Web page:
Sixteen foreign envoys on Tuesday urged Prime Minister and BNP Chairperson to hold talks for a peaceful resolution of the crisis. The diplomats of foreign missions in Dhaka from ..." /> Logo
05th-Mar-2015

Collective initiative of diplomats has raised hope: But saving lives needs a plan

By Editorial Desk

Sixteen foreign envoys on Tuesday urged Prime Minister and BNP Chairperson to hold talks for a peaceful resolution of the crisis. The diplomats of foreign missions in Dhaka from Australia, Canada, Denmark, the European Union, France, Germany, Japan, The Netherlands, Norway, South Korea, Spain, Sweden, Switzerland, Turkey, the United Kingdom and the United States sent separate letters to the two leaders last week. They said the international community is concerned as the political situation is pushing Bangladesh dangerously to a deepening crisis. The envoys sought Prime Minister's help to de-escalate the political impasse, which is responsible for killing more than 115 citizens, and to engage constructively with the opposition. A 10-member delegates of the Western envoys also called on BNP Chairperson Begum Khaleda Zia on Tuesday evening to discuss the matter.
Earlier UN Secretary General Ban Ki-moon had tasked his deputy Oscar Fernández-Taranco to    liaise with the Bangladesh government and the opposition. The UN chief urged PM and BNP chief to engage constructively for a peaceful end to the crisis. US Secretary of State John Kerry on February 20 called for government action to peacefully end the turmoil. He also condemned the targeting of civilians by political parties and stressed the need for opposition parties to cease such attacks immediately. The European Union also deplored the ongoing violence against innocent citizens of Bangladesh and reiterated its call for dialogue to break the current political impasse. Pierre Mayaudon, ambassador and head of EU delegation to Bangladesh, made the call when he paid a courtesy visit to Prime Minister on February 12.
We found reasons to be more hopeful when the European parliamentary sub-committee on human rights came to the conclusion after a visit to Bangladesh that it is useless to go about appealing for dialogue among the political leaders and solution lies in arranging a free and fair election.
The crisis needs confidence building efforts among the political leaders who are not interested in such confidence building among themselves. The politics is all about intolerance and annihilation. So the confidence building or restoring peace efforts cannot come from the politicians themselves through mere persuasion. That is the reason why our people néed help from outside friends and the present collective move of the diplomats has raised hope of a peaceful solution.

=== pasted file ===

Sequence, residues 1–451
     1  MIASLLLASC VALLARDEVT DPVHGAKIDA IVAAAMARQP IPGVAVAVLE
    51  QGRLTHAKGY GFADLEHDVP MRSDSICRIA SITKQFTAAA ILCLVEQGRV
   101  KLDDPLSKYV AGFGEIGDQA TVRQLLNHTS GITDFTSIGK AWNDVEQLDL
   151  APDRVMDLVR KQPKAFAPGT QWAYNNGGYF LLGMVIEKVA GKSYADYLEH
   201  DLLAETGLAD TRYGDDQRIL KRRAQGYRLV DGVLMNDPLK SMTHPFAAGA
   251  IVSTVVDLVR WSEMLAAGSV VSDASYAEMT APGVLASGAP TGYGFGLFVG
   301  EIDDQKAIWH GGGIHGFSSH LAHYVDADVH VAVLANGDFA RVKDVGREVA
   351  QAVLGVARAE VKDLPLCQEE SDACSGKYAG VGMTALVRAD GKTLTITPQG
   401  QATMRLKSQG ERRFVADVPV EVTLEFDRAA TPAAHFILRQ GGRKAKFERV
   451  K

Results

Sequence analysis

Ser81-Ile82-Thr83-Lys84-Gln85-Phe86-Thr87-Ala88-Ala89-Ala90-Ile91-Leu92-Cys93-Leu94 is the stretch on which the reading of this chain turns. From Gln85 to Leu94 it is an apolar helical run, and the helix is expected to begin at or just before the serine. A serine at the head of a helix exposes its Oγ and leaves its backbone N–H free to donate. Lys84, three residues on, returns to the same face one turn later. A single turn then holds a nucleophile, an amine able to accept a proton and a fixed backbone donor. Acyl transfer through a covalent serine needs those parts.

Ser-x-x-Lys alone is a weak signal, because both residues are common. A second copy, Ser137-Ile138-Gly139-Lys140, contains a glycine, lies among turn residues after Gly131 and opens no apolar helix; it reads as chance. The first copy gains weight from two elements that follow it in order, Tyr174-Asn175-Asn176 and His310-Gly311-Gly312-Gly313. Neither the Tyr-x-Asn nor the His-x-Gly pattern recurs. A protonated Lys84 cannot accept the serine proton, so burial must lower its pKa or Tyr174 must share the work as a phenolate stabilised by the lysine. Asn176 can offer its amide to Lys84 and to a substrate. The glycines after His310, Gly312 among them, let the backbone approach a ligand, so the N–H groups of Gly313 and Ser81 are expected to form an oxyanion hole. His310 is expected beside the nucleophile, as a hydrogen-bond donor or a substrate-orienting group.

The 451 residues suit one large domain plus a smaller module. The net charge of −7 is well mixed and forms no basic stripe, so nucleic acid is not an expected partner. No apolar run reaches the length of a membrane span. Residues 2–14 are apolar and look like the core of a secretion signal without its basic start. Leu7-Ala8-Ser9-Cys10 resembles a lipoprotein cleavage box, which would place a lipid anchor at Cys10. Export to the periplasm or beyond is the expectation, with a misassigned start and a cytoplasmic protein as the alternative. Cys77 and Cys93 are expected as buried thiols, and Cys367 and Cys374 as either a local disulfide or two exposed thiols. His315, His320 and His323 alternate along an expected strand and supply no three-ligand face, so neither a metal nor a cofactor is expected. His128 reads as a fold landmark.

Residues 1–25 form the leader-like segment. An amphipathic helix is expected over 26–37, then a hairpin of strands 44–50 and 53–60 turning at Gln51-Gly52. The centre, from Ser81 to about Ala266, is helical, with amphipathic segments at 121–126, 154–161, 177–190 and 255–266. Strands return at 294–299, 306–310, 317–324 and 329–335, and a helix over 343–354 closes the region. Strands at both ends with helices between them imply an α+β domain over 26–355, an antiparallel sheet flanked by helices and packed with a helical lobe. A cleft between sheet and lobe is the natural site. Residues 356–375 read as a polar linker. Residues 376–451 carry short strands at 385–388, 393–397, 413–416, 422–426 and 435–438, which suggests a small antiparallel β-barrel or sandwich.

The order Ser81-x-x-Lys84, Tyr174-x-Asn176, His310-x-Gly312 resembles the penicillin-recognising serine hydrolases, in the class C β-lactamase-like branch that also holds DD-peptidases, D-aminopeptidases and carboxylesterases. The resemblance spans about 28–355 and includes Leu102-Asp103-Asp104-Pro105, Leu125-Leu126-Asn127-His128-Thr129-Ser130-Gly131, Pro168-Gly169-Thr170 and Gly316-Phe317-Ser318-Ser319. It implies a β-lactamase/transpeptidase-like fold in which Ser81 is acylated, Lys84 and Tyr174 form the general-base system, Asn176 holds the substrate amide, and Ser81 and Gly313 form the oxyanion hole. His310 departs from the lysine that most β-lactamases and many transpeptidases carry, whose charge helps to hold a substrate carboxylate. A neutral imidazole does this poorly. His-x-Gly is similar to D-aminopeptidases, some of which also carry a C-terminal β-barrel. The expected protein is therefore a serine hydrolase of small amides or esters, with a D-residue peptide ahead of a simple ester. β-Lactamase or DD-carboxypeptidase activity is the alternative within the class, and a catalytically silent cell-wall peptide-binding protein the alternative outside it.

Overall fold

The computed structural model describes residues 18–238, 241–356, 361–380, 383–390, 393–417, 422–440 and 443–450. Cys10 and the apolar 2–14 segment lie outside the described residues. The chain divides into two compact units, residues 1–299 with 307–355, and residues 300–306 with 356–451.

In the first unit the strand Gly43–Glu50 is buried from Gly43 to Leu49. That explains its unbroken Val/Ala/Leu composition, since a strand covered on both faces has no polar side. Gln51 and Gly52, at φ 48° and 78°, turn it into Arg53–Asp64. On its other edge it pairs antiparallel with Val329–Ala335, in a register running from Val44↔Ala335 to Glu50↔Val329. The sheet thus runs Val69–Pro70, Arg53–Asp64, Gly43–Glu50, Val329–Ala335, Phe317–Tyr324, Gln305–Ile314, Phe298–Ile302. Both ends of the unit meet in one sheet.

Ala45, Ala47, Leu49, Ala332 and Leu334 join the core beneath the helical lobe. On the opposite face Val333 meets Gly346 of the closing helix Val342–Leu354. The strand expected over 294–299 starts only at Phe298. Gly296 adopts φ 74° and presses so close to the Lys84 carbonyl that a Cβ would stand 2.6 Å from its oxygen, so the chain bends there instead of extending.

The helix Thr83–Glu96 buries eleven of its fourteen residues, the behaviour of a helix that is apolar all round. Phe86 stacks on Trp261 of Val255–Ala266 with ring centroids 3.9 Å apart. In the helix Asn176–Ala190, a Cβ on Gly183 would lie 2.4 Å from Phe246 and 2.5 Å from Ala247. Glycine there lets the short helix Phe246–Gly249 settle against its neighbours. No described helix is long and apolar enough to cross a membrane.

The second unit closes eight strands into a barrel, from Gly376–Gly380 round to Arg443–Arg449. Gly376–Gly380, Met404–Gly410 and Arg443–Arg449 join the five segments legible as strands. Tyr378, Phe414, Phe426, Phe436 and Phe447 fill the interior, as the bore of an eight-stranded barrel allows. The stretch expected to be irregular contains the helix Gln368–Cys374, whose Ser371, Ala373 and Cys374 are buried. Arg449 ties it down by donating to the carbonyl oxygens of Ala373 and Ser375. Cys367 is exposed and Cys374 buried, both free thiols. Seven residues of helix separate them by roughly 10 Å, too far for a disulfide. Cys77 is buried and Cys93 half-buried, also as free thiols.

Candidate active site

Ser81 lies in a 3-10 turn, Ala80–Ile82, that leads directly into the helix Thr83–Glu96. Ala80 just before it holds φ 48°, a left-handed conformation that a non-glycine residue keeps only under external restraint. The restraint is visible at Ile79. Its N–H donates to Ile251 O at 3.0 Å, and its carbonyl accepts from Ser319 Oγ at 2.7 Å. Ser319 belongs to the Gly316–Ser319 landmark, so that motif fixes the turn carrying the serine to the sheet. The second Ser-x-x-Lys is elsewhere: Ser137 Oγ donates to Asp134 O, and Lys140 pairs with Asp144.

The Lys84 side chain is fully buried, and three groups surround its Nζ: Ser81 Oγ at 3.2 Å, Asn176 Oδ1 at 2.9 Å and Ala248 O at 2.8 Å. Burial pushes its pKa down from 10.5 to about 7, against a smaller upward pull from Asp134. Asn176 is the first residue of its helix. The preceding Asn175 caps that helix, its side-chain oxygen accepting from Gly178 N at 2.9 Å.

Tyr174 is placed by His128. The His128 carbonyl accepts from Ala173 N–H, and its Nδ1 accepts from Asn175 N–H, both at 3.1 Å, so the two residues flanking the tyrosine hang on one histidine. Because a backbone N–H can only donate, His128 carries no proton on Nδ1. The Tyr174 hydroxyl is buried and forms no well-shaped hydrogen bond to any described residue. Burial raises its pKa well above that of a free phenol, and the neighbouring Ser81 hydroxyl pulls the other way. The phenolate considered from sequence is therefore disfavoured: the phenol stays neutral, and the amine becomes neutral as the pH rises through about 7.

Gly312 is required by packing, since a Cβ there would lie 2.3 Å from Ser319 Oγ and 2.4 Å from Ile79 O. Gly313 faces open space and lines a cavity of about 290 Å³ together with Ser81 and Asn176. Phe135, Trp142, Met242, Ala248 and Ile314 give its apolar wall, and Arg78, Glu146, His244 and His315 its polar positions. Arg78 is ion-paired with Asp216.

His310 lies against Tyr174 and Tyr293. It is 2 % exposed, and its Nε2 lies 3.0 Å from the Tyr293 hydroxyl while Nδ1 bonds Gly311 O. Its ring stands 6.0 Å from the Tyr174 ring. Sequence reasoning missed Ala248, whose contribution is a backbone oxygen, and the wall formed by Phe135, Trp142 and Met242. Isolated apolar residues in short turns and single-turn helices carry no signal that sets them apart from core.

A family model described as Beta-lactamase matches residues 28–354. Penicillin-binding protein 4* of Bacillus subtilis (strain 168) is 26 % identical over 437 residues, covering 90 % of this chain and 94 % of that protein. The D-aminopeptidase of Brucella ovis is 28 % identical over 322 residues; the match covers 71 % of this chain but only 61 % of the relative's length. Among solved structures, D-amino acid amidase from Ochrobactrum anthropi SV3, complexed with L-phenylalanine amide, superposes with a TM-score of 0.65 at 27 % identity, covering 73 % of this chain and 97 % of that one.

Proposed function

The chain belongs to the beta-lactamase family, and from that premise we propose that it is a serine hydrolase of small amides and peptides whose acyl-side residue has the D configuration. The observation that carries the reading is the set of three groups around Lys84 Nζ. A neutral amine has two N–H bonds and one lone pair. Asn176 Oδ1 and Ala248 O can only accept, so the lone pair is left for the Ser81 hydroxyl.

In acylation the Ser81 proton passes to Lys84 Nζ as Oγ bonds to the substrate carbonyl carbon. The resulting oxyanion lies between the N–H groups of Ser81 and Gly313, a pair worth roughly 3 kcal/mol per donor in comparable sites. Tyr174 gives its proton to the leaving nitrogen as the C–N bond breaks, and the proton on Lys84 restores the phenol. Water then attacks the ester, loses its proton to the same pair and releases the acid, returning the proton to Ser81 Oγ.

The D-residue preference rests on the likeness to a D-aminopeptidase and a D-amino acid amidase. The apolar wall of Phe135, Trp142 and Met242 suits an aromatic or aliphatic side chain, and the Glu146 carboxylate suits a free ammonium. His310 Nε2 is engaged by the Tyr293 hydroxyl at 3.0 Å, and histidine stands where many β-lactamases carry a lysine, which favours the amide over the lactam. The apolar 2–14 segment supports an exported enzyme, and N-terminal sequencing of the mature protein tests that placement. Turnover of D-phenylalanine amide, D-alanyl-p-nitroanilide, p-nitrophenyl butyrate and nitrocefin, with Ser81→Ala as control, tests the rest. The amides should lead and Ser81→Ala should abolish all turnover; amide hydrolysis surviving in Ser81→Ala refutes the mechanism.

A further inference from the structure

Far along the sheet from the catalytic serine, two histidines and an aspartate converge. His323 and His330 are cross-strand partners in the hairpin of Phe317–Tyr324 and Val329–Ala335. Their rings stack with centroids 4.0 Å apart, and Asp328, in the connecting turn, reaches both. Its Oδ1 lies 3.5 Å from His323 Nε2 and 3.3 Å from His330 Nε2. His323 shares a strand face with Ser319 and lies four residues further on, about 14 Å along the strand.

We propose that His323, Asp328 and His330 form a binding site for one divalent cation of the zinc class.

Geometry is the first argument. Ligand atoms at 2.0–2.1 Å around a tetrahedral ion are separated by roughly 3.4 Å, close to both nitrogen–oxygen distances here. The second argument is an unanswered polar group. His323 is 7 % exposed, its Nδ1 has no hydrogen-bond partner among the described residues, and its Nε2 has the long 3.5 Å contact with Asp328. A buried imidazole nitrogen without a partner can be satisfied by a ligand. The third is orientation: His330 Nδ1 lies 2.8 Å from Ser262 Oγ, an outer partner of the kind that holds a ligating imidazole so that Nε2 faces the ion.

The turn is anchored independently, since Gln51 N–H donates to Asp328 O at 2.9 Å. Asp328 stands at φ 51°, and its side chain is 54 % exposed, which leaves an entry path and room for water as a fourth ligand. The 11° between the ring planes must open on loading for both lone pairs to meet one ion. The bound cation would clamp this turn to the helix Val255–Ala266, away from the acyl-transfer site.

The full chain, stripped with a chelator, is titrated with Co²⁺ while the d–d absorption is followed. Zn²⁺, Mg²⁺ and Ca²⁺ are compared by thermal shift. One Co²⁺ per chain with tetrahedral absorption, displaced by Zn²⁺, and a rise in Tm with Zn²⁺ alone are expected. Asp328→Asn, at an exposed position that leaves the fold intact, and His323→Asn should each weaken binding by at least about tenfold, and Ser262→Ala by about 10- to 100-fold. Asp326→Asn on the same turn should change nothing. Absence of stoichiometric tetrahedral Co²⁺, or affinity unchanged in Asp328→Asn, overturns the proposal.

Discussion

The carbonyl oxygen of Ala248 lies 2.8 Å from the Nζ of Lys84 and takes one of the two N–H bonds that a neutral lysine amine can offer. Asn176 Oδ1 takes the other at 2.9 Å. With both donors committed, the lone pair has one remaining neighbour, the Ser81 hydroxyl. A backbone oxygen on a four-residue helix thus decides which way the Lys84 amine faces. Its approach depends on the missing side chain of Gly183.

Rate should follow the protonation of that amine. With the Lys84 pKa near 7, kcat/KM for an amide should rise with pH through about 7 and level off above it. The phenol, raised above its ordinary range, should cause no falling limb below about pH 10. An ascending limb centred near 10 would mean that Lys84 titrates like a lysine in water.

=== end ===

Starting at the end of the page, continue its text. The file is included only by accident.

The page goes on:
If there is any reason for the absence of the Indian diplomats from any such move is not known to us. But as the nearest neighbour it is most desirable for us to know the mind of India about the crisis in Bangladesh. India helped in our liberation war for democracy so it is expected India will not remain a neutral spectator when democracy is dying in Bangladesh.
 Many in Bangladesh are appalled to find the government ignoring the election demand as if it is not important for the government to face election as promised. The government is most anxious to tell that the opposition has no public support, they are anti-liberation and terrorists. Surely such an opposition alliance cannot have any public support. So why the government should find any suggestion of election unacceptable is a puzzle. The people   are seeking an answer though  not easy to find.
The immediate and urgent responsibility   of the diplomats as well wishers  of our people, who are in the midst of an initiative to see  peace is restored, is to have a peace plan for implementation. The people must be given the chance to sort out the serious allegations the government makes  against  the opposition  alliance.
We are, like many others, most worried to see the country is facing  bloodbath  and destruction  in a leaderless situation.